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50 matches for " no-deal Brexit":
The unexpected rise in CPI inflation to 2.1% in July--well above the Bank of England's 1.8% forecast and the 1.9% consensus--from 2.0% in June undermines the case for expecting the MPC to cut Bank Rate, in the event that a no-deal Brexit is avoided.
Investors have become more concerned about a no-deal Brexit.
We have been asked several times in recent days whether a pick-up in stockbuilding, as part of businesses' contingency planning for a no-deal Brexit, could cause the economy to gather some pace in the run-up to Britain's scheduled departure from the EU in March 2019.
With a no-deal Brexit still a potential outcome and just over five weeks to go until the U.K. is scheduled to leave, it's about time we put some numbers on how high inflation could get in this worst-case scenario.
Speculation that the U.K. will end up leaving the E.U. in March without a deal has dominated the headlines over the last month. Politicians on both sides of the Channel have warned that the probability of a no-deal Brexit is at least as high as 50%, even though more than 80% of the withdrawal deal already has been agreed.
A no-deal Brexit is a remote possibility. The U.K. government and EU are closing in on a deal and Brexiteers within the Conservative party have failed, so far, to trigger a confidence vote on Mrs. May's leadership.
We agree wholeheartedly with the consensus view that the economy would enter a recession in the event of a no-deal Brexit on October 31.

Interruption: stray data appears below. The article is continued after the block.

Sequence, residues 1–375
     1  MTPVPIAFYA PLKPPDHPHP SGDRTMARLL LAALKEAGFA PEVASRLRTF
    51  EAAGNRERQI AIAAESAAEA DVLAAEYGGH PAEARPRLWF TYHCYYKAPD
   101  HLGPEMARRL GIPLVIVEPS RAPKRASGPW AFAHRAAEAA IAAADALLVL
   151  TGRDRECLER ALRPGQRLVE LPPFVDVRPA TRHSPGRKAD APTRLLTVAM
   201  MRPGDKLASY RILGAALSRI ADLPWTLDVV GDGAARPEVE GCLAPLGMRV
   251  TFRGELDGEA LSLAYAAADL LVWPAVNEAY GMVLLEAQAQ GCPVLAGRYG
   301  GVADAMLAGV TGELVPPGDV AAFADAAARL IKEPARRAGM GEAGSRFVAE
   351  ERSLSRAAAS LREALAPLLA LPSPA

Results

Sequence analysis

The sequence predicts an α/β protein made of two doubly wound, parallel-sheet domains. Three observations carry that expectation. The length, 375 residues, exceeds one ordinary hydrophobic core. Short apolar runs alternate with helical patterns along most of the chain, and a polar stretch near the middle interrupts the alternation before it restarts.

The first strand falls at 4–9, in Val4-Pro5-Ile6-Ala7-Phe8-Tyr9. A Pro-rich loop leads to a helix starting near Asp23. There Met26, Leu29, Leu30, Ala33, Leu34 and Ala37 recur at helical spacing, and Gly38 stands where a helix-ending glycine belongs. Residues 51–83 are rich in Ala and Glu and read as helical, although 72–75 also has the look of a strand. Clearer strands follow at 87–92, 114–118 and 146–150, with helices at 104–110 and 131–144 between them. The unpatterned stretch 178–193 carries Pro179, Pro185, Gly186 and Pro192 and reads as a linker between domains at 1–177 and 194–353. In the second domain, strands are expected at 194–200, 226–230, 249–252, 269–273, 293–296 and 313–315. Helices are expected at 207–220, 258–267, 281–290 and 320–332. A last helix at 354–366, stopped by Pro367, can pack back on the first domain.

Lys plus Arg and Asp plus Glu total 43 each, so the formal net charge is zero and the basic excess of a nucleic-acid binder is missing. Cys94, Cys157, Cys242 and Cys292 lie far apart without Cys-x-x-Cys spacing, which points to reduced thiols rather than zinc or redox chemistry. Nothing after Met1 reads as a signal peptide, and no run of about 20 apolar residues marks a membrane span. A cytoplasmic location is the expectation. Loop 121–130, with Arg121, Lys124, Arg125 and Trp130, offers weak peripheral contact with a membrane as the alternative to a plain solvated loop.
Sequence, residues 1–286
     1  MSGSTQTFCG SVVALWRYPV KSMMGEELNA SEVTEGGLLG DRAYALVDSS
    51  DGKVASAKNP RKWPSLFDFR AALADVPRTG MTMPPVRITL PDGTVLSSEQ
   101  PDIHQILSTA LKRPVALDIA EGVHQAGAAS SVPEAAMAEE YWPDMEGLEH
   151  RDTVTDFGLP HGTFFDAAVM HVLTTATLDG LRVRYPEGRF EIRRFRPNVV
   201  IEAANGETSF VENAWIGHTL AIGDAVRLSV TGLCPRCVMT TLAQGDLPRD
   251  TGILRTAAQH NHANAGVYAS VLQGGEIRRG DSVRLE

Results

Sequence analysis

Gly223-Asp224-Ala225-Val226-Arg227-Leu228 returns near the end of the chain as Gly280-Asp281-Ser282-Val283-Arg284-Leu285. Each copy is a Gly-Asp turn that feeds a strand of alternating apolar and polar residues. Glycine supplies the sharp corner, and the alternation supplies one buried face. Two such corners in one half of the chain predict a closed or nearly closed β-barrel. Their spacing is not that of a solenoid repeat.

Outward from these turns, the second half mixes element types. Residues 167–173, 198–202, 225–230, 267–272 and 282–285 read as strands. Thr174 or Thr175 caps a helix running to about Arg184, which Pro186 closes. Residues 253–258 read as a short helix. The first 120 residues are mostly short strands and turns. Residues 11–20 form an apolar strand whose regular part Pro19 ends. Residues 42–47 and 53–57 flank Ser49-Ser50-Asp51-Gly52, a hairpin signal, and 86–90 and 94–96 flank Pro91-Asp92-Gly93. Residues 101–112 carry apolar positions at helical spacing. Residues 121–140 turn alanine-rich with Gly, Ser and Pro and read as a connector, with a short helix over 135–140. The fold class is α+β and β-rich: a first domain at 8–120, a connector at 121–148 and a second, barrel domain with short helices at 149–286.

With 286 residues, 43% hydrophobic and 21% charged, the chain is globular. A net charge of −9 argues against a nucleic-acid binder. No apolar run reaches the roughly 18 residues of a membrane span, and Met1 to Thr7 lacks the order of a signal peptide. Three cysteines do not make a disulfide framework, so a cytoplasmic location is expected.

Another month, another strong set of labour market data which undermine the case for the MPC to cut Bank Rate, provided a no-deal Brexit is avoided.
Just how low would sterling go in the event of a no-deal Brexit? When Reuters last surveyed economists at the start of June, the consensus was that sterling would settle between $1.15 and $1.20 and fall to parity against the euro within one month after an acrimonious separation on October 31.
Chief Eurozone Economist Claus Vistesen on the effects of a no-deal Brexit on the EU
Chief UK Economist Samuel Tombs on the chance of a no-deal Brexit
Few Eurozone investors are going blindly to accept the rosy premise of last week's relief rally in equities that both a Brexit and a U.S-China trade deal are now, suddenly, and miraculously, within touching distance. But they're allowed to hope, nonetheless.
The latest GDP data continue to show that the economy is holding up well, despite the Brexit saga.
The stakes in the Brexit saga have been raised significantly over the summer.